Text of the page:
HAPPY RELEASE DAY!!!! Today is the launch of Traction – How Any Startup Can Achieve Explosive Customer Growth, co-authored by Gabriel Weinberg and Justin Mares and in support of the release, I’m thrilled to host a guest post by Gabriel Weinberg, founder of the search engine DuckDuckGo, that provides insight to what you can expect from this invaluable startup marketing handbook. The concepts are applicable to any startup endeavor and a resource I’d recommend to any entrepreneur. But don’t take my word for it…the reviews speak volumes. With success stories like Seth Godin and Alexis Ohanian singing its praises, you can’t go wrong. My advice? One-click. NOW.
6 Common Traction Mistakes and How to Avoid Them
I’ve made every one of these six common mistakes in the pursuit of traction. They’re so easy to make because they’re all counter-intuitive, working against your natural instincts. I hope you can avoid them! Like with a lot of issues, the first step is recognizing and acknowledging you have a problem.
Mistake #1: Not seeking traction early enough.
The secret to a successful launch is to focus on getting traction right from the beginning of product development, by continually pouring a steady stream of cold customers into your product (leaky bucket) while you are building it.
That’s the only way to really find out where the leaks are, as your beta customers are too close to you and don’t have fresh eyes. By running fast and cheap traction tests, you also figure out pre-launch what niche to market to initially, what marketing will resonate with that niche, and what marketing channel to use to reach them. In other words, you discover a credible distribution strategy, such that when you launch you can actually get traction right away.
Mistake #2: Not setting an explicit traction goal.
Your traction goal should be enough traction to reach an inflection point in your company. When just starting out, this is usually one of three things:
- Enough traction to raise money;
- Enough traction to be profitably self-sustaining; or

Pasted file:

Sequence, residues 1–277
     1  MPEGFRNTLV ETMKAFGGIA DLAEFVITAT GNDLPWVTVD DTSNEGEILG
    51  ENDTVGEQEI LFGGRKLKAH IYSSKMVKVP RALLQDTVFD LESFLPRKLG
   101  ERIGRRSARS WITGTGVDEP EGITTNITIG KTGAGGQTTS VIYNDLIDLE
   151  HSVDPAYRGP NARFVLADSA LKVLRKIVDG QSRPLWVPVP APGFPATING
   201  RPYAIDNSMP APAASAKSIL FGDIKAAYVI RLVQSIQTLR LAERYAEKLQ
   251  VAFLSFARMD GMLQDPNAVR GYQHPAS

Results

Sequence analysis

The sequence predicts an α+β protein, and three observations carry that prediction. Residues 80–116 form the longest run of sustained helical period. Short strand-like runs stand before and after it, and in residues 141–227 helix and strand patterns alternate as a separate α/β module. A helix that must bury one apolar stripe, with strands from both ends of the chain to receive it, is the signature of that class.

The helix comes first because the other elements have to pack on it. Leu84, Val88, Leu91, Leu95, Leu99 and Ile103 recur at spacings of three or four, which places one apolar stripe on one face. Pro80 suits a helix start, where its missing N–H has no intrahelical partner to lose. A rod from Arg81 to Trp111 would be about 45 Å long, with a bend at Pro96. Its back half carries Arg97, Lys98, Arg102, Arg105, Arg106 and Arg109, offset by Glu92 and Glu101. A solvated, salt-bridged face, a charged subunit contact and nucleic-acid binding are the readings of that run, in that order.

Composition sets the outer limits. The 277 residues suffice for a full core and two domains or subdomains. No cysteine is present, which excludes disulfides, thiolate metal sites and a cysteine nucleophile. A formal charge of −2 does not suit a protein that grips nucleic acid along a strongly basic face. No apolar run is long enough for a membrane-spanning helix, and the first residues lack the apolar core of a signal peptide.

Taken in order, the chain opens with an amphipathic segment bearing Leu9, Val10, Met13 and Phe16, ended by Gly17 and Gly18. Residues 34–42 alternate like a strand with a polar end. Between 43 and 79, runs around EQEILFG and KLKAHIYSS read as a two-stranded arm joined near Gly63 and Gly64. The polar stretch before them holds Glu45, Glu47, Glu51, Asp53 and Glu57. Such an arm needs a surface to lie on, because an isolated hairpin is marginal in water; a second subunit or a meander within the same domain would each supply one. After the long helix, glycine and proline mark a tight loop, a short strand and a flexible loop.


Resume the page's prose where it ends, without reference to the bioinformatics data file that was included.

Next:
- Enough traction to prove to your extended team that you have product/market fit.
Once you have a hard number, you can measure your traction efforts against this explicit traction goal. If a marketing strategy in its best case won’t move the needle in terms of your goal, then you shouldn’t do it, even if you know it will get you some traction.
Mistake #3: Not considering all 19 traction channels.
A key insight was that often the most successful startups were using under-utilized channels in their industry. In other words, asking what channels are good for B2B or B2C or a particular situation is the wrong question. The right question is how could I possibly use each of the 19 channels, quickly followed by a creative brainstorm. This is the first step in our Bullseye Framework for getting traction.
Mistake #4: Not doing fast and cheap traction tests.
When testing traction channels, the goal is to run fast and cheap marketing tests to roughly answer the following three questions:
- How much will it cost to acquire customers through this channel?
- How many customers are available through this channel?
- Are the customers that you are getting through this channel the kind of customers that you want right now?
Some founders mess up this step by prematurely scaling their marketing efforts. Keep in mind that, when testing channels, you are not trying to get a lot of traction with a channel just yet. Instead, you are simply trying to determine if it’s a channel that could move the needle for your startup. Your main consideration at this point is speed — to get data and to prove your assumptions.
Mistake #5: Not focusing on one core channel.
At any stage in a startup’s life cycle, one traction channel usually dominates in terms of customer acquisition. That is why we suggest focusing on one at a time, but only after you’ve identified a channel that seems like it could actually achieve your traction goal.
The way this step gets most often messed up by founders and marketers is by keeping around distracting marketing efforts in other traction channels, especially earlier efforts that no longer move the needle but once did. This is additionally confusing because oftentimes focusing on your core channel involves channel strategies that utilize other traction channels. One channel is still dominant, but others feed into it. Focusing is the only way to truly become an expert at your core channel, which you need to do if you’re going to uncover cutting edge tactics within it, which often have non-linear rewards.
Mistake #6: Not using a structured approach.
There are nineteen different traction channels, and most founders consider only a few. That’s a big mistake because often under-utilized channels in a given industry have the greatest growth potential. Yet, at the same time, you can’t try all nineteen at once effectively.
You need to apply a framework for getting traction like the Bullseye Framework we present in Traction. It is a simple, three-step framework that involves brainstorming across all channels, testing a few at a time, and then focusing on whatever channel seems capable and most probable of reaching your pre-defined traction goal (you defined one right?). Whether you use our framework or another or your own, please take a structured approach to getting traction.